The Global economy experienced sluggish growth in 2015 with large retailers like Fossil, Michael Kors, and Macy's experiencing dips in their revenue earning the unsavory distinction as some of the worst performing retailers in 2015 alongside Kate Spade, Ralph Lauren and Gap.
The face of retail is changing from brick and mortar to online portals, from sweatshop produced to ethically sourced. Leading the way are investors like Mark Cuban, who recently scouted the next big thing - the Red Dress Boutique, an online store launched by a Diana Harbour, a Georgia-area mother. Consumers also drive change. Take for example, Ashley, a 12 year old from Dallas, one of the members of "Gen Z" who burned all of her Forever21 clothes after hearing me speak on the human right woes of the fast fashion giant. Not content to have a pile of cinders for a wardrobe, she researched other retailers which have forced or child labor in their supply chain, and shared the findings with her community. In the day of social media, no form of PR beats word of mouth and the voices of young shoppers like Ashley, vocal and forceful, carry much weight. When they tell their friends something, their friends tell their friends.
Who could blame them? The world does not seem to be getting better.
The world bank forecasts slow growth this year - just 2.9%. Kaushik Basu, the Bank's chief economist says that there is a greater divergence between emerging economies and major emerging economies and this development could pose a threat to hard-won gains for raising people out of poverty. Retailers that operate in these countries already have opportunities to align their business strategy with CSR initiatives to tackle this issue instead of the traditional window dressing lip service.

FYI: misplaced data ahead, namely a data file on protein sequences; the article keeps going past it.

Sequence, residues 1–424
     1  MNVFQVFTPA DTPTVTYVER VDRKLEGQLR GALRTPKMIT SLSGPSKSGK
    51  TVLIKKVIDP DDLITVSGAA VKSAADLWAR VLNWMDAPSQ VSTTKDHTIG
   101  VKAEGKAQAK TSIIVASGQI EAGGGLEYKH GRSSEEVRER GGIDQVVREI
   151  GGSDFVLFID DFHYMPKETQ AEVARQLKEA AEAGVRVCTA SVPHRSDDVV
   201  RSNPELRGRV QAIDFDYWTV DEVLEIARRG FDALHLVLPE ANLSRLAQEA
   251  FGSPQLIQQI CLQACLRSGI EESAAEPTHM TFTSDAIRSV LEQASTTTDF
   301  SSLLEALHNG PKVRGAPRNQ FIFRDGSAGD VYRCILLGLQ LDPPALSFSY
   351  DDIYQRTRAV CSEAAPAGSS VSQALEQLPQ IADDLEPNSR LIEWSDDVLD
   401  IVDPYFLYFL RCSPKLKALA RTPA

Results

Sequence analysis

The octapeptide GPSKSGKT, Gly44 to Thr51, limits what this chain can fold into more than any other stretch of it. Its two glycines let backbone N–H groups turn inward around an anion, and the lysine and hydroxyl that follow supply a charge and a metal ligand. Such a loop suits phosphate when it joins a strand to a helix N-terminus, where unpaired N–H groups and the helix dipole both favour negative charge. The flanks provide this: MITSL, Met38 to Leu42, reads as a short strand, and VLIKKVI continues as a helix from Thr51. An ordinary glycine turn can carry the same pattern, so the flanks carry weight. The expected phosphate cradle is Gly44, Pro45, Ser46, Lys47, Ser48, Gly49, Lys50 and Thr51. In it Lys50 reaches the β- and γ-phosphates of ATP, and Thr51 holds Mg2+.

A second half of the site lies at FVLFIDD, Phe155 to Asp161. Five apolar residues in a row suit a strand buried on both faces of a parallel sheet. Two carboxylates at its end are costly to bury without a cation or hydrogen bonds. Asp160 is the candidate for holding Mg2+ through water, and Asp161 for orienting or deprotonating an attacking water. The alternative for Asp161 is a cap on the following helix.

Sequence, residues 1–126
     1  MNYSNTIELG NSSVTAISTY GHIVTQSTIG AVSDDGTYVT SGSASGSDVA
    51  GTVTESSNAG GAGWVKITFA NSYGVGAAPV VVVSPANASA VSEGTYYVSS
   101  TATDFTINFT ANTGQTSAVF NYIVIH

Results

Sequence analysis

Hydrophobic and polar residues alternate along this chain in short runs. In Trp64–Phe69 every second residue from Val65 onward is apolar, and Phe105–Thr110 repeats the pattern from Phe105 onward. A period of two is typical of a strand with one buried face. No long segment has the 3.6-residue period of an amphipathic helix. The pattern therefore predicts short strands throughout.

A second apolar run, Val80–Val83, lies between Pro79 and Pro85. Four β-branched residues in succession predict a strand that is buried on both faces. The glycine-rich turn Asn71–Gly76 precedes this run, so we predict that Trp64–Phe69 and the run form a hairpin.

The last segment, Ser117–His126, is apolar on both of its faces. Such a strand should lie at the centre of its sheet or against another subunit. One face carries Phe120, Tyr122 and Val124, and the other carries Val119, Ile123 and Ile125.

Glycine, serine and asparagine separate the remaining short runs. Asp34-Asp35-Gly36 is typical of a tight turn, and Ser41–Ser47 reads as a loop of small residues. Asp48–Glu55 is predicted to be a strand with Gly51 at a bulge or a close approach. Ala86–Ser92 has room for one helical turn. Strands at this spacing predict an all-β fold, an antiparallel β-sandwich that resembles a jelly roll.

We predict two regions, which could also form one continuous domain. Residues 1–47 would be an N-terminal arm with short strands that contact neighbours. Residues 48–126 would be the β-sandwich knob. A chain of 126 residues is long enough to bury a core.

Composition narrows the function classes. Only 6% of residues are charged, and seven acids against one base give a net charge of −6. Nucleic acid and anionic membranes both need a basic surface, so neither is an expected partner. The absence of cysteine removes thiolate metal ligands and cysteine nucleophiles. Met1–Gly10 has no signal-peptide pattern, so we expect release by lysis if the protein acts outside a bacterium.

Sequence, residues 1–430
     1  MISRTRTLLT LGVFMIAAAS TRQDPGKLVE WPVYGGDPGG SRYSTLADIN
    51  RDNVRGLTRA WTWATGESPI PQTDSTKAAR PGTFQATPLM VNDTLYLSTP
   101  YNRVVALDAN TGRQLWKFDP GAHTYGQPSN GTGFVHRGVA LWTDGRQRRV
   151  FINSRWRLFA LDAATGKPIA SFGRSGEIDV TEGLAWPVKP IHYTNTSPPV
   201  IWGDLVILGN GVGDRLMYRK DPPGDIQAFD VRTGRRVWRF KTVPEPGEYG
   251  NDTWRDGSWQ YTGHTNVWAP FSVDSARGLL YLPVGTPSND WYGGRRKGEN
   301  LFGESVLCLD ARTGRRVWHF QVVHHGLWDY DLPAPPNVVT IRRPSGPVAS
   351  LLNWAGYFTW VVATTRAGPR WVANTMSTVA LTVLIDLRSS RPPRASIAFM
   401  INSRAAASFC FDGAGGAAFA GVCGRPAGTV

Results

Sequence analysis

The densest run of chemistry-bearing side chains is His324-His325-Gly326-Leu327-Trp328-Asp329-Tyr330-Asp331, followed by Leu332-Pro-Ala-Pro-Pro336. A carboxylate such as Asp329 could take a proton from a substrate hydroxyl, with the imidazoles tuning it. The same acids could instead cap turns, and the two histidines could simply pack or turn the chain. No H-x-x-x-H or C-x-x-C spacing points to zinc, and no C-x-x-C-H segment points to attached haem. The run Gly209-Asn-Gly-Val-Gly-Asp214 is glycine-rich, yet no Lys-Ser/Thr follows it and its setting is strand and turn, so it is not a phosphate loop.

Empty gestures won't fool consumers any longer. No longer can retailers apply band-aid solutions to the grave wounds of economic inequality and cyclical poverty. Gap just launched their PACE Program with the aim of empowering factory workers. It's a good start. But this initiative fails to answer the following questions:
1. Has the brand traced all suppliers at the raw material level?
2. Does the brand monitor at least 75% of its inputs suppliers annually?
3. Does the brand invest in suppliers compliance implementation through training or other financial support?
4. Does the brand guarantee that workers make a living wage?
5. Does the brand have a functioning grievance mechanism?
These are basic questions. Human trafficking is a $150 billion industry that is dizzying in scope. It ranges from the factory worker in Bangladesh to the Uzbek child picking cotton. This lucrative industry has only yielded $124 million in government appropriations. Consider the significance between 150 billions and a mere 124 million. Corporate giants have the reach and capacity to address this inhumanity and injustice in a way that few other entities can. Even effecting change in a small segment of the supply chain can cause a significant ripple effect.
Millennial philanthropist and activists from groups like the Nexus Youth Summit seek measurable impact. What good does it do to render a few meals to starving children when their parents toil away in sub-human conditions for below subsistence pay?